The Max-Min Principle of Product Differentiation
AbstractWe analyze two- and three-dimensional variants of Hotelling's model of differentiated products. In our setup, consumers can place different importance on each product attribute; this is measured by a weight in the disutility of distance in each dimension. Two firms play a two-stage game; they choose locations in stage 1 and prices in stage 2. We seek subgame- perfect equilibria. We find that all such equilibria have maximal differentiation in one dimension only; in all other dimensions, they have minimum differentiation. An equilibrium with maximal differentiation in a certain dimension occurs when consumers place sufficient importance (weight) on that attribute. Thus, depending on the importance consumers place on each attribute, in two dimensions there is a "max-min" equilibrium, a "min - max" equilibrium, or both. In three dimensions, depending on the weights, there can be a "max-min-min" equilibrium, a "min-max- min" equilibrium, a "min-min- max" equilibrium, any two of them, or all three.
Download InfoTo our knowledge, this item is not available for download. To find whether it is available, there are three options:
1. Check below under "Related research" whether another version of this item is available online.
2. Check on the provider's web page whether it is in fact available.
3. Perform a search for a similarly titled item that would be available.
Bibliographic InfoPaper provided by New York University, Leonard N. Stern School of Business, Department of Economics in its series Working Papers with number 94-16.
Date of creation: 1994
Date of revision:
Contact details of provider:
Postal: New York University, Leonard N. Stern School of Business, Department of Economics, 44 West 4th Street, New York, NY 10012-1126
Phone: (212) 998-0860
Fax: (212) 995-4218
Web page: http://w4.stern.nyu.edu/economics/
More information through EDIRC
Other versions of this item:
Please report citation or reference errors to , or , if you are the registered author of the cited work, log in to your RePEc Author Service profile, click on "citations" and make appropriate adjustments.:
- Nicholas Economides, 1986. "Nash Equilibrium in Duopoly with Products Defined by Two Characteristics," RAND Journal of Economics, The RAND Corporation, vol. 17(3), pages 431-439, Autumn.
- W.J. Lane, 1980. "Product Differentiation in a Market with Endogenous Sequential Entry," Bell Journal of Economics, The RAND Corporation, vol. 11(1), pages 237-260, Spring.
- Economides, Nicholas, 1993. "Quality variations in the circular model of variety-differentiated products," Regional Science and Urban Economics, Elsevier, vol. 23(2), pages 235-257, April.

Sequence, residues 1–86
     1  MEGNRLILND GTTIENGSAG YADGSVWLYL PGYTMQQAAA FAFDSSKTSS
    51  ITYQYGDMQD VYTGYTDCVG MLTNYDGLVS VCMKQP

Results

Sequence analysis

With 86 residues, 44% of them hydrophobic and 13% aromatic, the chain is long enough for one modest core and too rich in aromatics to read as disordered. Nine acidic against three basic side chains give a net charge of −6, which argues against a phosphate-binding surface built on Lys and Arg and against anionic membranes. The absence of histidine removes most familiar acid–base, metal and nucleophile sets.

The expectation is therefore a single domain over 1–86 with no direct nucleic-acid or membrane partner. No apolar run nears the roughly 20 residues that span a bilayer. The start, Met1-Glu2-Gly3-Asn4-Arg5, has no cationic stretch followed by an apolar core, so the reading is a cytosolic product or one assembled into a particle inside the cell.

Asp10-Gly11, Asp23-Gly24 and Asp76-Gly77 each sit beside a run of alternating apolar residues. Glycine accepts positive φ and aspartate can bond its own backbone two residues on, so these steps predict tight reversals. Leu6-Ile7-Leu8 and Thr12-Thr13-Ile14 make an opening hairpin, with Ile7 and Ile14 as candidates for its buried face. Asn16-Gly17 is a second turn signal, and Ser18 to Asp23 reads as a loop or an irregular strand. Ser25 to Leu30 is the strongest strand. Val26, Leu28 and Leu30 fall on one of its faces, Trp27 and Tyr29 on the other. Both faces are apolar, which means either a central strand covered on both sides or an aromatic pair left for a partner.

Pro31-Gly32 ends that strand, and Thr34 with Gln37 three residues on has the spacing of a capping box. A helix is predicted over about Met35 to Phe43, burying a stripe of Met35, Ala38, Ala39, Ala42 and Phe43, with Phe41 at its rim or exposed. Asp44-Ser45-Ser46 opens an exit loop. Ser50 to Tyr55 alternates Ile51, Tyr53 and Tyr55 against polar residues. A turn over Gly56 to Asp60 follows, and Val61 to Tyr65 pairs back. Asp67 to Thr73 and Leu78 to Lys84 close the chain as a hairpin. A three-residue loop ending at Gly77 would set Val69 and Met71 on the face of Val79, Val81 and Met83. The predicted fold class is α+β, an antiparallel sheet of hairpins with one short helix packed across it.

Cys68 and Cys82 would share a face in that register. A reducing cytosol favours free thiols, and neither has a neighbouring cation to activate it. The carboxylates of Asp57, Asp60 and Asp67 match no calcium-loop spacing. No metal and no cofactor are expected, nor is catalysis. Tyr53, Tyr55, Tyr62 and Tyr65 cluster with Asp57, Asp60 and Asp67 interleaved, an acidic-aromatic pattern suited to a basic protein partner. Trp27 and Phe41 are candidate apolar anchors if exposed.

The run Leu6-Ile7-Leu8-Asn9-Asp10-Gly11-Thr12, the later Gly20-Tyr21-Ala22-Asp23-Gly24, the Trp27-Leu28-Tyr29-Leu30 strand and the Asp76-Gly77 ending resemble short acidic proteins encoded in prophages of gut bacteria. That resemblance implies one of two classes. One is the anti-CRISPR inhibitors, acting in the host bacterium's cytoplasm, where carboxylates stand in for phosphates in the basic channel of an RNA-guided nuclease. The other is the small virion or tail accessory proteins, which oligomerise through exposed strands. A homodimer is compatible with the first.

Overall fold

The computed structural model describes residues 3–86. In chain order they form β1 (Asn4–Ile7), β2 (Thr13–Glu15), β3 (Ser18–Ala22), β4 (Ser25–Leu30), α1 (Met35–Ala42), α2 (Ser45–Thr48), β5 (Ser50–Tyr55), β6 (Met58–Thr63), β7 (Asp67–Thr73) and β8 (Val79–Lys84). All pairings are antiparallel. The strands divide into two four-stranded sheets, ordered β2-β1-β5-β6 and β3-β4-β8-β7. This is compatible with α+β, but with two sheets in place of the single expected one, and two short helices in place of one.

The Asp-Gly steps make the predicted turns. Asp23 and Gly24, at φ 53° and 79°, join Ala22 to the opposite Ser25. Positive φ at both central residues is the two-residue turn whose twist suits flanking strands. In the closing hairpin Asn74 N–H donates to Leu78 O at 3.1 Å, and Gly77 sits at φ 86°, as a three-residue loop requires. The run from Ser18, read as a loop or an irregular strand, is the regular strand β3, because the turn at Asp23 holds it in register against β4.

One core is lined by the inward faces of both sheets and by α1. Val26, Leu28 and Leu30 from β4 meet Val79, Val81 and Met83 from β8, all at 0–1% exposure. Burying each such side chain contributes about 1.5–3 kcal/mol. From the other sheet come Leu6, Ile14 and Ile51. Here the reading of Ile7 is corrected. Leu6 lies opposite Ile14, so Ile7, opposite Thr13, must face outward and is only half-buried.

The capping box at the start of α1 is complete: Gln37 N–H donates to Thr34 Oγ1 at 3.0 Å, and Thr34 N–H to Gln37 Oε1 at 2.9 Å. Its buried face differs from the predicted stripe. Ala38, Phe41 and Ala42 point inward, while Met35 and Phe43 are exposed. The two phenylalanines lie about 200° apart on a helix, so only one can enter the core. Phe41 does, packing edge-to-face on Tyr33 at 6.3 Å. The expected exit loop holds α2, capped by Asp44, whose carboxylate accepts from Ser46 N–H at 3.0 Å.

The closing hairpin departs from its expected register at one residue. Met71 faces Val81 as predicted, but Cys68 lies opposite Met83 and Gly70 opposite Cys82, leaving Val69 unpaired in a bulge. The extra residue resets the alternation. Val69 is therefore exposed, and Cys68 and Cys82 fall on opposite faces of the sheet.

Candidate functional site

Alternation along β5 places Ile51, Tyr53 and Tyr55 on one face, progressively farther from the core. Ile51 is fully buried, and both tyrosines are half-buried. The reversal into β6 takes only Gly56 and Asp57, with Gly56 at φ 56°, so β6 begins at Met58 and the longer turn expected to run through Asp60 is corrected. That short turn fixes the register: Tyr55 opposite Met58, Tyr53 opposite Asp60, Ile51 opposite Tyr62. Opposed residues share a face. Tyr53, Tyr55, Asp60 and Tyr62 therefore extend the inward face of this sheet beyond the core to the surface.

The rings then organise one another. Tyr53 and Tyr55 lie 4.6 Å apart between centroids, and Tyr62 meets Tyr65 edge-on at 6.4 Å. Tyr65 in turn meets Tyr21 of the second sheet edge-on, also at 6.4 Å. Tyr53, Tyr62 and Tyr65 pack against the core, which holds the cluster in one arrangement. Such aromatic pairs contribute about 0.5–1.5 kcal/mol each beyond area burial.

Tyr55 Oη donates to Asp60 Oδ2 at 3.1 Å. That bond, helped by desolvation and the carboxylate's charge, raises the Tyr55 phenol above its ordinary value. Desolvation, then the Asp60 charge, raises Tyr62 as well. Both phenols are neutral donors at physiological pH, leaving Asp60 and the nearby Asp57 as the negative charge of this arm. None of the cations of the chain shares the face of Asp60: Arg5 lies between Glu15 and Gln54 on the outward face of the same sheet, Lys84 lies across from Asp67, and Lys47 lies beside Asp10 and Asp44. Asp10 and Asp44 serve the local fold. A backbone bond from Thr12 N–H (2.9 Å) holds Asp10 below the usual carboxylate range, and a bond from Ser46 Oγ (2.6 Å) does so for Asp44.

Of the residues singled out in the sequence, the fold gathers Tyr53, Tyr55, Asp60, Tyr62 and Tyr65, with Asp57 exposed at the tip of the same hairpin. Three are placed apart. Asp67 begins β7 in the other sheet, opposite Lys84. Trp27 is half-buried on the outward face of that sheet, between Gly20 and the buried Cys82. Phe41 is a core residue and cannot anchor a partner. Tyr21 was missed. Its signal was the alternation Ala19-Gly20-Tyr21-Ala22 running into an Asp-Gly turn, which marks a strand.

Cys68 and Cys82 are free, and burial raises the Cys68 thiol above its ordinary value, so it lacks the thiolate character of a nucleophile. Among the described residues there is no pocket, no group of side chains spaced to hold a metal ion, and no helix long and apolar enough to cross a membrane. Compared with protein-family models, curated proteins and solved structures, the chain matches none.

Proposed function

- Economides, Nicholas, 1989. "Quality variations and maximal variety differentiation," Regional Science and Urban Economics, Elsevier, vol. 19(1), pages 21-29, February.
- Caplin, A. & Nalebuff, B., 1989.
"Aggregation And Imperfect Competition: On The Existence Of Equilibrium,"
1989_30, Columbia University, Department of Economics.
- Caplin, Andrew & Nalebuff, Barry, 1991. "Aggregation and Imperfect Competition: On the Existence of Equilibrium," Econometrica, Econometric Society, vol. 59(1), pages 25-59, January.
- Andrew Caplin & Barry Nalebuff, 1990. "Aggregation and Imperfect Competition: On the Existence of Equilibrium," Cowles Foundation Discussion Papers 937, Cowles Foundation for Research in Economics, Yale University.
- John R. Hauser & Steven M. Shugan, 1983.
"Defensive Marketing Strategies,"
INFORMS, vol. 2(4), pages 319-360.
- Neven, D. & Thisse, J-F., 1989. "On Quality And Variety Competition," CORE Discussion Papers 1989020, Université catholique de Louvain, Center for Operations Research and Econometrics (CORE).
- Tabuchi, Takatoshi, 1994. "Two-stage two-dimensional spatial competition between two firms," Regional Science and Urban Economics, Elsevier, vol. 24(2), pages 207-227, April.
- Steven C. Salop, 1979. "Monopolistic Competition with Outside Goods," Bell Journal of Economics, The RAND Corporation, vol. 10(1), pages 141-156, Spring.
- Green, Paul E & Srinivasan, V, 1978. " Conjoint Analysis in Consumer Research: Issues and Outlook," Journal of Consumer Research, University of Chicago Press, vol. 5(2), pages 103-23, Se.
- Neven, Damien, 1985. "Two Stage (Perfect) Equilibrium in Hotelling's Model," Journal of Industrial Economics, Wiley Blackwell, vol. 33(3), pages 317-25, March.
- Economides, Nicholas, 1984. "The principle of minimum differentiation revisited," European Economic Review, Elsevier, vol. 24(3), pages 345-368, April.
- Economides, Nicholas, 1986. "Minimal and maximal product differentiation in Hotelling's duopoly," Economics Letters, Elsevier, vol. 21(1), pages 67-71.
- d'Aspremont, C & Gabszewicz, Jean Jaskold & Thisse, J-F, 1979.
"On Hotelling's "Stability in Competition","
Econometric Society, vol. 47(5), pages 1145-50, September.
- John R. Hauser, 1988. "Note—Competitive Price and Positioning Strategies," Marketing Science, INFORMS, vol. 7(1), pages 76-91.
- K. Ravi Kumar & D. Sudharshan, 1988. "Defensive Marketing Strategies: An Equilibrium Analysis Based on Decoupled Response Function Models," Management Science, INFORMS, vol. 34(7), pages 805-815, July.
- Economides, Nicholas, 1989. "Symmetric equilibrium existence and optimality in differentiated product markets," Journal of Economic Theory, Elsevier, vol. 47(1), pages 178-194, February.
- Andrea Mangani & Paolo Patelli, 2002. "The Max-Min Principle of Product Differentiation: An Experimental Analysis," LEM Papers Series 2002/05, Laboratory of Economics and Management (LEM), Sant'Anna School of Advanced Studies, Pisa, Italy.
For technical questions regarding this item, or to correct its authors, title, abstract, bibliographic or download information, contact: (Viveca Licata).
If references are entirely missing, you can add them using this form.